More techniques or technology for brands distinction will show up as time goes, so this will happen more & more.

    Here are some suggestion:
    – Split the brands (Brazen Careerist for Penelope & Brazen Careerists for the Network)
    – Take yourself out/merge the Brazen Careerist (Brazen Careerist is the company/Network & you are the champion/leader of the network)

    You have to nip the issue in the bud or the brand could be lost in confusion.

  23. Brand Fanatic
    Brand Fanatic says:

    My point about the Huffington Post is that everyone knows that Huffington isn’t the only writer, but she’s the guiding spirit.

  24. Jennifer Lynn
    Jennifer Lynn says:

    I'm a regular reader of the blog, and I don't think the Brazen Careerist brand has been at all clear since the launch of the collective. I'm wondering if you are clear yourself about what you want the relationship between your personal brand and the Brazen Careerist brand to be. If a new reader were to find their way to the BC home page, they would have no clue (without a lot of searching) that it had anything to do with you. Is that a distinction you made on purpose? If not, you might think about incorporating your blog (maybe as a lead) on the BC site and making the “Brazen Careerist” logo on the blog link to the BC site. Right now, it links to your personal blog, and I can't easily get to your blog from the BC site. Right now, there doesn’t seem to be a conscious integration or a conscious separation.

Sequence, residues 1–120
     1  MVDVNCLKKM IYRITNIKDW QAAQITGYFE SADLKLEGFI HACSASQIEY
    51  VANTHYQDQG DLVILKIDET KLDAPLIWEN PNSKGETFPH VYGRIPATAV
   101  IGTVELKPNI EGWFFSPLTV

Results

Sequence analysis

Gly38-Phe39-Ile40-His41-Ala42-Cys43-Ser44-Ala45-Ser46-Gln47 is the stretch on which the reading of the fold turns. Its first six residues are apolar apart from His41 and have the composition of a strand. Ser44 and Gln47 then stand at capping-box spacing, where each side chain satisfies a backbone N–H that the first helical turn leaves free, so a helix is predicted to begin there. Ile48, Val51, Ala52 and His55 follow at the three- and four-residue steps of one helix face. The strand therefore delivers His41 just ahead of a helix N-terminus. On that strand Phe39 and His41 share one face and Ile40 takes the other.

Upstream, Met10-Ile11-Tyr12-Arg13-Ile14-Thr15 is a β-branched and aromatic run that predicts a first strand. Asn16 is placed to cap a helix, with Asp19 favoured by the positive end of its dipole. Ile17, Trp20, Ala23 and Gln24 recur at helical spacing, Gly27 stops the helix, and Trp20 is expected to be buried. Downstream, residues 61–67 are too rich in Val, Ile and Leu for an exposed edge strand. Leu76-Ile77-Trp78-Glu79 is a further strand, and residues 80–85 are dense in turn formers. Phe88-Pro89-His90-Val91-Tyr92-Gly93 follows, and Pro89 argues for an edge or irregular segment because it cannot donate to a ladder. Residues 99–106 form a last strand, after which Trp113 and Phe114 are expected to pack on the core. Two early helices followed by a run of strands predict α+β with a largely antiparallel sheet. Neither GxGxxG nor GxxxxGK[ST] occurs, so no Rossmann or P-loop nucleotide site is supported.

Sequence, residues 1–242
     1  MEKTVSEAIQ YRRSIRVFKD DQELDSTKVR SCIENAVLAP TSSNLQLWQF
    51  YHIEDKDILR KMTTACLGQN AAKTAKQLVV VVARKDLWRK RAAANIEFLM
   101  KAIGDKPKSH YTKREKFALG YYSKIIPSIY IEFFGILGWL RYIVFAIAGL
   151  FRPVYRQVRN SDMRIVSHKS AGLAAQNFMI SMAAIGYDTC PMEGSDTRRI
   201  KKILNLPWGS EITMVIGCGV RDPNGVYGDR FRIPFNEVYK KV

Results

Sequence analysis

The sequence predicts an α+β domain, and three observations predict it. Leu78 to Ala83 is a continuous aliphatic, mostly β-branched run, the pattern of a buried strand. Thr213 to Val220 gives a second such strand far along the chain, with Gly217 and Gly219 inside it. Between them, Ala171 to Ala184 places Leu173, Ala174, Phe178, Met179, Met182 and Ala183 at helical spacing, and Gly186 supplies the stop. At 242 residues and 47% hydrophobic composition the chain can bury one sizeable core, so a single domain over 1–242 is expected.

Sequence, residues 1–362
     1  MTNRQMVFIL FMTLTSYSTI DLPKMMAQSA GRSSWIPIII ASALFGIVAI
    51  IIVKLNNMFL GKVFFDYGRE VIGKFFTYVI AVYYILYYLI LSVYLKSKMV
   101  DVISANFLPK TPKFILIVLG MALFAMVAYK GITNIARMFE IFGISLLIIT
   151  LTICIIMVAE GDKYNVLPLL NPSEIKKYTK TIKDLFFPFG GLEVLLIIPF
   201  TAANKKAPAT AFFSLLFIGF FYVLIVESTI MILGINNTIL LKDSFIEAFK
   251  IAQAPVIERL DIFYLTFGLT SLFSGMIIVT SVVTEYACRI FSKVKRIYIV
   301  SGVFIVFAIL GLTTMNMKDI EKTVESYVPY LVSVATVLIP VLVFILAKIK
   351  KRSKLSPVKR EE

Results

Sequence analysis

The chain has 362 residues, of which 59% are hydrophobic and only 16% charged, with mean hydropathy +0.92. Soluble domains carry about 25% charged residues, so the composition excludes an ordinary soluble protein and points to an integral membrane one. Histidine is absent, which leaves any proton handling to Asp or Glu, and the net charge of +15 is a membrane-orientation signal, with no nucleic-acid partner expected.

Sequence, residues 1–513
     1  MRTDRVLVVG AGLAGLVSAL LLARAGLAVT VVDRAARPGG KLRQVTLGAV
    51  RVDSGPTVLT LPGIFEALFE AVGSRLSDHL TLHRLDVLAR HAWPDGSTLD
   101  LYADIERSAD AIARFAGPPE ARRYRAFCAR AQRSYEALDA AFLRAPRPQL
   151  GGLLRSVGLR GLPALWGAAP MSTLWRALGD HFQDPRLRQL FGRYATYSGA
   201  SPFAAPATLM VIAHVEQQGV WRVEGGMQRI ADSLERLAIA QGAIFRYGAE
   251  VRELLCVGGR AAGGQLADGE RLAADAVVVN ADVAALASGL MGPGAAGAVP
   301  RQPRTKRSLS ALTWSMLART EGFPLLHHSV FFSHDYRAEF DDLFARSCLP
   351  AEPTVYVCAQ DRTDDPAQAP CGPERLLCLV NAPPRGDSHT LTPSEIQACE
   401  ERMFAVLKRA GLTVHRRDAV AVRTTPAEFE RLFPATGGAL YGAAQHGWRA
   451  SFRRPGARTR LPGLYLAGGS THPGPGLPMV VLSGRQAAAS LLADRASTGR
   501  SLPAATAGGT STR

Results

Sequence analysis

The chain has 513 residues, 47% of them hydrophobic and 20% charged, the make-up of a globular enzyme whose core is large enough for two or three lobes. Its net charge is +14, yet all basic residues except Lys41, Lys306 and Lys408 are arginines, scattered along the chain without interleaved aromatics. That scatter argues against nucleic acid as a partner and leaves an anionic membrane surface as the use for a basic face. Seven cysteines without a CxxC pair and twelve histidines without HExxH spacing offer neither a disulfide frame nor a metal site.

Also, the BC site seems to have a lot of good stuff, but (to me, at least) it's a bit cluttered and confusing. There's no hierarchy of information – the eye bounces around all over the place. Whether the goal of BC is to amplify the voices young people online or to connect companies with young talent, the site's set-up does not tell either of those stories. Neither of these fits seamlessly with the (excellent) tagline "Define your career. Control your life."

    I'm also wondering, on a simplistic level, what BC is. Is it a "blog network," as defined on your blog? Is it a source of business writing geared for 20-somethings? Is it a "portal" of sorts for young professionals to find resources, advice, tools, and conversation about managing their careers? I'm sure you have an answer to that, but I'm not sure it's clear on the site. BC/ the blog are great for people who already know and love the Penelope Trunk brand, but newcomers might not get it. Again, conscientious prioritization of info would help tell the story you want to tell.